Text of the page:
The hacker in you must be thinking now: if you XOR the plaintext block with the encrypted output of the previous block, what’s the XOR input for the first block? Nothing gets past you. Yes, you need an initial value, appropriately called the initialization vector (IV):
With CBC, security is highly reliant on the IV. Before moving on, here’s one more openssl demonstration with CBC, but repeat the IV. Using xxd, you’ll see if you can find a pattern in the plaintext blocks:
Setting up your bit-flipping lab
Now attack a web application to pull off the bit-flipping attack. What’s nice about this hands-on demonstration is that you’ll be left with a really powerful web app hacking lab for your continued study. Use the OWASP project Mutillidae II. Host Mutillidae II on the XAMPP server stack, as the initial setup is fast and easy, and it’s a powerful combination. However, if you’re comfortable loading it into whatever web server solution you have, go for it.
If you’re following this lab, then first download the XAMPP installer, chmod it to make it executable and then run the installer:
Once this is installed, you can find /opt/lampp on your system. Download the Mutillidae II project ZIP and unzip everything into /opt/lampp/htdocs—that’s it. Run ./lampp start and then visit your IP address in a browser:
Manipulating the IV to generate predictable results
Navigate to OWASP 2017 on the left, then Injection | Other and CBC Bit Flipping to arrive at the site shown in the above screenshot. Here you’re currently running with User ID174 with Group ID235. You need to be user 000 in group 000 to become the almighty root user. The site is protected with SSL, so intercepting the traffic in transit would be a bit of a pain. What else do you notice about this site?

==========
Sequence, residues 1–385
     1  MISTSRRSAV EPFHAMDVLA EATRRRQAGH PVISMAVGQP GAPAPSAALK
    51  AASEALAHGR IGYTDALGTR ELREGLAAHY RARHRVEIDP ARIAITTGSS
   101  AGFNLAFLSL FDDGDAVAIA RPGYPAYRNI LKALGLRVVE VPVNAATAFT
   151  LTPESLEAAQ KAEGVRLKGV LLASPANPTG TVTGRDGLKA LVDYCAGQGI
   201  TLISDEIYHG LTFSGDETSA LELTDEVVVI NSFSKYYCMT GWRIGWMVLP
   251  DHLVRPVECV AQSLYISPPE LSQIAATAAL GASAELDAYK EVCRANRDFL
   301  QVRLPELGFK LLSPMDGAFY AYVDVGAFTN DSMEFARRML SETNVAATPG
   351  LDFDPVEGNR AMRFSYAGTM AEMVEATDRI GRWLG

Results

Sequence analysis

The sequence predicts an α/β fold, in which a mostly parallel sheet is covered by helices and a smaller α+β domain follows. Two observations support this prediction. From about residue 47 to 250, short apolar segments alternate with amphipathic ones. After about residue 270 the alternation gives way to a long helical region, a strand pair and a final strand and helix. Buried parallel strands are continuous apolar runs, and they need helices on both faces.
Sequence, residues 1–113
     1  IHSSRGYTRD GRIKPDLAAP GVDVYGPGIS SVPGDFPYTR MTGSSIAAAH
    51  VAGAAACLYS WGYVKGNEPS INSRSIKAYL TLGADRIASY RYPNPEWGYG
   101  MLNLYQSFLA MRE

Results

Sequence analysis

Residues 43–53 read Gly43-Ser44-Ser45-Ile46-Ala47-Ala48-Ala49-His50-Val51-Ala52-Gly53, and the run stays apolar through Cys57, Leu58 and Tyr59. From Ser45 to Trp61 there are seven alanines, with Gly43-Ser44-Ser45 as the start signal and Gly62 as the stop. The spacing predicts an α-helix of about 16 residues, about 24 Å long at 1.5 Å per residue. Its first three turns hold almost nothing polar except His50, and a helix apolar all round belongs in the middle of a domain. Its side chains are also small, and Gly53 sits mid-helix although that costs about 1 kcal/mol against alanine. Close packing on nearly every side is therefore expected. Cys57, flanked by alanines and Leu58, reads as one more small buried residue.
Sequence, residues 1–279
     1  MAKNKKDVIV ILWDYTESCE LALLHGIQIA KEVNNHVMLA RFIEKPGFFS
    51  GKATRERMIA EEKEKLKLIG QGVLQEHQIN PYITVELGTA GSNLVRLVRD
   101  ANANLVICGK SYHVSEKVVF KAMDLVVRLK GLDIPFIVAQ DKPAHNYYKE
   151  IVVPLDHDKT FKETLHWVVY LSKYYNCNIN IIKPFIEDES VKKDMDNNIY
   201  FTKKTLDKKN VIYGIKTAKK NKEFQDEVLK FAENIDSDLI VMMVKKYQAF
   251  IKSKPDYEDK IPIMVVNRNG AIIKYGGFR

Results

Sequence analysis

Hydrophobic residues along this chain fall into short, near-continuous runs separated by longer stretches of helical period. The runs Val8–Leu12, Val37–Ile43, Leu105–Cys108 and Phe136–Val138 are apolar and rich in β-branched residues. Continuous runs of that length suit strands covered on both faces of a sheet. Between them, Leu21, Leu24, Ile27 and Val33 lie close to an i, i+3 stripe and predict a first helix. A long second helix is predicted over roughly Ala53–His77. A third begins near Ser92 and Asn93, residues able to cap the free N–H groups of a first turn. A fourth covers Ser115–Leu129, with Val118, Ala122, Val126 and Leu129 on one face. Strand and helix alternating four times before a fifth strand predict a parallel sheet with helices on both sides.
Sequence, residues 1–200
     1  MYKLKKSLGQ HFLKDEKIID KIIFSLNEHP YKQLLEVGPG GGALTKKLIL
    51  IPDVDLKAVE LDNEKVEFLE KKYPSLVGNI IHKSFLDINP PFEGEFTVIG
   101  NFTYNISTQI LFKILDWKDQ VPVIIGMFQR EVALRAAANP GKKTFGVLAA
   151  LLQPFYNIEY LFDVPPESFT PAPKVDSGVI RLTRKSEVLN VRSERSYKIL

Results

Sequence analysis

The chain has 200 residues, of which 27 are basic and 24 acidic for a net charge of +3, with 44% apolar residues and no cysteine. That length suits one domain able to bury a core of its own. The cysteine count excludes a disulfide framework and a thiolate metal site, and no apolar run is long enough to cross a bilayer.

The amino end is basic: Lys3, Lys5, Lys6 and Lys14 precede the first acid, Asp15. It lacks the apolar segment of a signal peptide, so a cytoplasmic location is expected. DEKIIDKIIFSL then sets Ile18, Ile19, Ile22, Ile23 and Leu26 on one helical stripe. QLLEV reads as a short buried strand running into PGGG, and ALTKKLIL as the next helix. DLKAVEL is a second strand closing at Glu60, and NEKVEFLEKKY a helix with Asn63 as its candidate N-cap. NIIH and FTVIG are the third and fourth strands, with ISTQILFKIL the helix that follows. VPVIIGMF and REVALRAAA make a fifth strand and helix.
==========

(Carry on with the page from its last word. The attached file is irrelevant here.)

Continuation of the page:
How about the URL itself? https://192.168.108.104/index.php?page=view-user-privilege-level.php&iv=6bc24fc1ab650b25b4114e93a98f1eba
It’s an IV field, right there for the taking. You’ve seen how the IV is XOR with the plaintext before encryption to create the encrypted block. So, manipulating the IV would necessarily change the encrypted output. First, take a look at the IV itself, 6bc24fc1ab650b25b4114e93a98f1eba. You know that it’s hexadecimal and it is 32 characters long; thus the length is 128 bits.
Now, modify the IV in the URL, submit it, and see if anything happens. Change the initial character into a zero, making the IV 0bc24fc1ab650b25b4114e93a98f1eba:
Your IDs didn’t change, but check out what happened to the Application ID. Now it’s !1B2. It used to be A1B2. What if you change the first two hexadecimal digits to zeroes? Your Application ID is now *1B2.
If you change the first three, then the next character in the Application ID falls apart because the resulting binary doesn’t have an ASCII representation. Now you know that the first two hexadecimal characters in the IV (8 bits) modify the first ASCII character in the Application ID (8 bits). This is a breakthrough that pretty much translates into the final stretch to privilege escalation.
You’ve just established a direct relationship between the plaintext and the IV, which means that you can figure out the ciphertext. And when you know two of the three, in any order, you can calculate the third by virtue of simple binary XOR math. Now, you haven’t found where the hexadecimal digits are. The User ID and Group ID can be manipulated just yet, but see if you can figure out this relationship based on what you have so far.
You saw the Application ID change from A to ! to *. Thus, the ID is represented in ASCII, the most common modern standard for character encoding. What’s important here is that a single ASCII character is 8 bits (1 byte) long.
Hexadecimal, on the other hand, is simply a base-16 numeral system. You see hexadecimal everywhere in the gritty underbelly of computing because 16 is a power of 2, which means converting from base-2 (that is, binary) to base-16 is easy. 2 to the power of 4 equals 16, which means a hexadecimal digit is 4 bits long. Back to the lab: